Lyme Disease

Caused by a spirochaete bacterium, Borrelia burgdoferi (discovered by William Burgdorfer in 1981; surely a man destined to name something after himself). Lyme Disease was claimed by America due to an outbreak of juvenile arthritis in the town of Lyme, Connecticut in 1975. (Remarkably, however, the post mortem examination in 2010 of Otzi the Iceman revealed Borrelia DNA, proving the infection has been around for at least 5,300 years.) The first case in the UK was diagnosed in 1990. It is a nasty condition. After an incubation period of around 2 to 5 months, variable (and confusing) clinical signs are seen. Shifting lameness, fever, lethargy, poor appetite and joint swellings can all occur but some patients show heart, kidney and nervous signs. The most serious cases develop Lyme Nephritis, a potentially fatal kidney condition, which is very difficult to treat. Meningitis, occasionally reported in humans, is exceedingly rare in dogs. Left untreated, continuing vague malaise and progressive, erosive arthritis causes patients to be increasingly debilitated. 2% of the ticks collected in the Bristol University study carried Borrelia.


An awful disease, caused by protozoa and recently seen for the first time in the UK in four dogs in Essex. One died, despite treatment. The protozoa parasitise red blood cells, causing them to rupture, resulting in anorexia, lethargy, pallor, vomiting, discoloured urine and jaundice, and death. Changes to the rules for the Pet Travel Scheme in 2012 that removed the requirement to treat returning dogs for ticks means, inevitably, that the disease will become established here.


Another horror. The rickettsia, Ehrlichia canis, attacks different types of blood cells causing acute disease characterised by depression, lethargy, vomiting and bleeding. Eventually, bone marrow depression results in the chronic form where weight loss, fluid retention and increased susceptibility to other infections occur.

The Control

Over the counter preparations, in my experience, do not provide adequate tick control. Speak to your vet about effective spot-ons, chews and collars that do. Before it is too late…The clock is ticking…

Published 29 April 2021     Author: Neil McIntosh BVM&S MRCVS 

I have been thinking a lot about things recently.  Like how many packets of ready salted crisps is it safe to eat per day?  What is the most apt name for a male Chihuahua?  Why are veterinary nurses so temperamental?  Where does all the salt and grit that is spread on the roads go? Why do Spaniels need 25 hours of exercise a day?  And what do you know about monoclonal antibodies? Never heard of them?  Soon you will........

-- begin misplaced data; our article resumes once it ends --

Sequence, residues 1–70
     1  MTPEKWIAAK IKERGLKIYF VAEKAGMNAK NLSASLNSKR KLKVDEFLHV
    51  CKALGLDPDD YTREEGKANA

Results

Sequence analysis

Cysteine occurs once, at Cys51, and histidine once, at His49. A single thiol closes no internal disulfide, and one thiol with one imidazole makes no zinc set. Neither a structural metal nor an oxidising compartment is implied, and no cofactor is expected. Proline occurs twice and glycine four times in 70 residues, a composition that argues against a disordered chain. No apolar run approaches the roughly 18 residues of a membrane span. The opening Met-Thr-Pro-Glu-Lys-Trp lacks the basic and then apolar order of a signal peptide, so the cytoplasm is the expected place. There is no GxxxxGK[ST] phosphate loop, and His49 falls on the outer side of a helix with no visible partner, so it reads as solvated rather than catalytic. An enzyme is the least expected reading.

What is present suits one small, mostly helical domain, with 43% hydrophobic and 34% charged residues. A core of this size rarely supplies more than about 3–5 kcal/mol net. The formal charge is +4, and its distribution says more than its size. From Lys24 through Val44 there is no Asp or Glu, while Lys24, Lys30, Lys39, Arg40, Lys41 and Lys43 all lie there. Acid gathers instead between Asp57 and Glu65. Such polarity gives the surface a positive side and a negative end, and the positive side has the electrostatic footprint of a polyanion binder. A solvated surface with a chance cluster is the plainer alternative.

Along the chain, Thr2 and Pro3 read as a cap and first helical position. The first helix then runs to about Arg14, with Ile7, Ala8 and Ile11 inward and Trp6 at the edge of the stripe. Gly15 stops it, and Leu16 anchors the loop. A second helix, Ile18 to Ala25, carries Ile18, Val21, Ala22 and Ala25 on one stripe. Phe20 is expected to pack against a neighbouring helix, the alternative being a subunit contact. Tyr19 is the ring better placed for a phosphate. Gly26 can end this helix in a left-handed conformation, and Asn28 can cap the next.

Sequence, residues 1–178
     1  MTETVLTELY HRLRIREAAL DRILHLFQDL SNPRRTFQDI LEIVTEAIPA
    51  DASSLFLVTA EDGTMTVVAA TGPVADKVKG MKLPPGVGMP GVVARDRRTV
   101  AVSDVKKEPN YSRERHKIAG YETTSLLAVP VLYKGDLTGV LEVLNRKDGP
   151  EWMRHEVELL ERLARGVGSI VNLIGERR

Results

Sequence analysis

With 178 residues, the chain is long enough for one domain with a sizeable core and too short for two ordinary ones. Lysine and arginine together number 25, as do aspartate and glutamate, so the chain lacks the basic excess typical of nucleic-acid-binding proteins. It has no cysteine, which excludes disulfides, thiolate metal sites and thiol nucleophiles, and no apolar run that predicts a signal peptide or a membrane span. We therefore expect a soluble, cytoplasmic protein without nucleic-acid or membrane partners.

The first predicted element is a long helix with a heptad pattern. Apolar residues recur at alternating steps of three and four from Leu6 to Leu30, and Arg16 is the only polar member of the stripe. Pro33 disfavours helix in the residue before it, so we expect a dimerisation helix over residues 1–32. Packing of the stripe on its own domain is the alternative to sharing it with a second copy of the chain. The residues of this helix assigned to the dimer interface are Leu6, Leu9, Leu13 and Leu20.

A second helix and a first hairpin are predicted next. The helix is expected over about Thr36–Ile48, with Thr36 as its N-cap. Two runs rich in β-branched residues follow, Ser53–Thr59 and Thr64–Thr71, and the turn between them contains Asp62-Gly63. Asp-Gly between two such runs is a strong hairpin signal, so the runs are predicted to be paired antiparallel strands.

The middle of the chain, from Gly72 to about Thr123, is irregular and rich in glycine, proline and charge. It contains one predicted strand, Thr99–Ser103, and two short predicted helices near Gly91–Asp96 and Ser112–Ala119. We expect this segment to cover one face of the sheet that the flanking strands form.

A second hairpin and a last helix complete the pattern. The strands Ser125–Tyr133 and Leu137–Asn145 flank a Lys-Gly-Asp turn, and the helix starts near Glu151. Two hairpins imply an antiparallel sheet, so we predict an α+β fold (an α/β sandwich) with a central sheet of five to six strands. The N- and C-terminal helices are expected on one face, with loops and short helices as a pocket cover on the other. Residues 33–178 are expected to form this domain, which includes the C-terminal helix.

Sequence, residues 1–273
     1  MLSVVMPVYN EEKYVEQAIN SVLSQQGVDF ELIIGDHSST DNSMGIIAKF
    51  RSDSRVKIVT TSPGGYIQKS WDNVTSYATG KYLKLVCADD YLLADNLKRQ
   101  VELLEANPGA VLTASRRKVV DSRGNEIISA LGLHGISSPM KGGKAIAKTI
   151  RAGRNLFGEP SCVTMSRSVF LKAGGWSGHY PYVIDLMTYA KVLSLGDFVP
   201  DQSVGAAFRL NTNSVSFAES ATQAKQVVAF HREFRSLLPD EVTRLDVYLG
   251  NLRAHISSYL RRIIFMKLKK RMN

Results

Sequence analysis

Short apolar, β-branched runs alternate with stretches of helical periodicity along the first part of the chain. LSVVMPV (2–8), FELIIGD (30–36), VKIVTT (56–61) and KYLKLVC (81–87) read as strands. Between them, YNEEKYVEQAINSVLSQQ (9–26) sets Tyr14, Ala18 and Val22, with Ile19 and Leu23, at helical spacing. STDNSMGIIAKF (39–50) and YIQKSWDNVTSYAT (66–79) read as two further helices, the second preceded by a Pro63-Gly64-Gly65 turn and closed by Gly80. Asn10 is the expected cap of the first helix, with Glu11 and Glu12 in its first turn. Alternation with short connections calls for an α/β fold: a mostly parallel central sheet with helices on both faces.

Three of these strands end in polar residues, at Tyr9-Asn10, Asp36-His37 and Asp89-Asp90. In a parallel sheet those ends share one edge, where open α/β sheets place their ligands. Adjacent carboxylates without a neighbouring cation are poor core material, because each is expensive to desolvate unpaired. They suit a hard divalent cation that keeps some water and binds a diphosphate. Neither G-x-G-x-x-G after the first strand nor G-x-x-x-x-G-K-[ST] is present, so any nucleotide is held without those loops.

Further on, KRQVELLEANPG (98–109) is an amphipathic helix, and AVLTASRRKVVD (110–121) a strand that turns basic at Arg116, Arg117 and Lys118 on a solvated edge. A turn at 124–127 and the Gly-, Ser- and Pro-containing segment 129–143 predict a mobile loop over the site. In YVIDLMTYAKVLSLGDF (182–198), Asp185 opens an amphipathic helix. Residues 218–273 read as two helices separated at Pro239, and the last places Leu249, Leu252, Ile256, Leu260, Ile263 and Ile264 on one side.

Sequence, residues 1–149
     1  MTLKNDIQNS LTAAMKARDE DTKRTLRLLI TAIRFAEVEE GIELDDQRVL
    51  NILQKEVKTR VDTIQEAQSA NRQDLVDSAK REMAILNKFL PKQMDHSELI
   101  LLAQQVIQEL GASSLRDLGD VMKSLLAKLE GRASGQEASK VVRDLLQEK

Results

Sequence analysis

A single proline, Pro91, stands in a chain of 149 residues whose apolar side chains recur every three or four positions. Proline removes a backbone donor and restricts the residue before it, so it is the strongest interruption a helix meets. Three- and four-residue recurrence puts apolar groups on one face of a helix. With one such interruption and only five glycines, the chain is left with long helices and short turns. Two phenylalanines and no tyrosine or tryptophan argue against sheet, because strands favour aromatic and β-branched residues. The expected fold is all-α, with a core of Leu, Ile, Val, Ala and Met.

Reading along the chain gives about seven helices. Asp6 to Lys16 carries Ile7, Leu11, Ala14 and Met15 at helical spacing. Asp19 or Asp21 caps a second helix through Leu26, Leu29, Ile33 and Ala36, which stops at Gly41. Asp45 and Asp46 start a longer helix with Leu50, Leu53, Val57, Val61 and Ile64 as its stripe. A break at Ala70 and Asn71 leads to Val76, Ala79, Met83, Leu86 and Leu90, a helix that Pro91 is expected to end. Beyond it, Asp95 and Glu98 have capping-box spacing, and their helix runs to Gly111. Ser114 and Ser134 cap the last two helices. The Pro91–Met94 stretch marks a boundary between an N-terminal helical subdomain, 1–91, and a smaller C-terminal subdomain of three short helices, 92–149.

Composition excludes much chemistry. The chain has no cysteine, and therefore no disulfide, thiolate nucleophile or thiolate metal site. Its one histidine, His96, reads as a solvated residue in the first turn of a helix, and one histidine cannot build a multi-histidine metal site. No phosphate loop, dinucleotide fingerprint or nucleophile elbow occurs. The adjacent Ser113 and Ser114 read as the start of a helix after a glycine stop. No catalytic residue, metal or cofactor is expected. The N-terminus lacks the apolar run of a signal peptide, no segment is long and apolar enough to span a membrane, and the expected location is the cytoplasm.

Monoclonal antibodies (mAbs) are man-made proteins that behave like antibodies in the immune system.  While we normally think of antibodies fighting bacteria and cancer cells.  Since they are proteins (and not drugs), side effects are rare and mild.  Recently mAbs have also been used to fight Covid-19 to great effect. 

But there's more, Cytopoint (chemical name, lokivetab) was the first mAb to be used in veterinary medicine.  It is an injectable preparation that works by targeting the mediators of itching, thus improved the quality of life of allergic dogs.  It works within 24 hours and lasts around a month.  clinical trials showed a 65% improvement in symptoms after the first injection and, by the third, 93% of patients had were significantly better; that's with none of the unwanted, significant side-effects of steroids. 
There are other veterinary drugs treatments that are effective but potentially damaging.  Non-steroid anti-inflammatories, such as Metacalm, Loxicom, Rimadyl and Previcox, are widely used for the treatment of osteoarthritis.  This complicated degenerative condition is common, affecting a large percentage of the pet population, with an estimated 20 to 30% of all dogs and 90% of all cats over 12 years of age clinically affected.  While the drugs are good, a proportion of patients suffer gastrointestinal upsets, such as vomiting and diarrhoea, and care must be taken in very elderly patients, who may have underlying kidney or liver issues. 
But there is good news!  Librela (chemical name, Bedinvetmab)  is the first, injectable, licensed monocional antibody for the alleviation of osteoarthritic pain in dogs.   It works by binding to a substance called Nerve Growth factor (NGF), which, although vital for the development of the nervous system in the pre and immediately post  natal periods, becomes troublesome in adults where it is released by damaged joint cells causing pain. 
If you have one of the arthritic dogs that doesn't take to medicines very well, Librela is well worth asking your Vet about.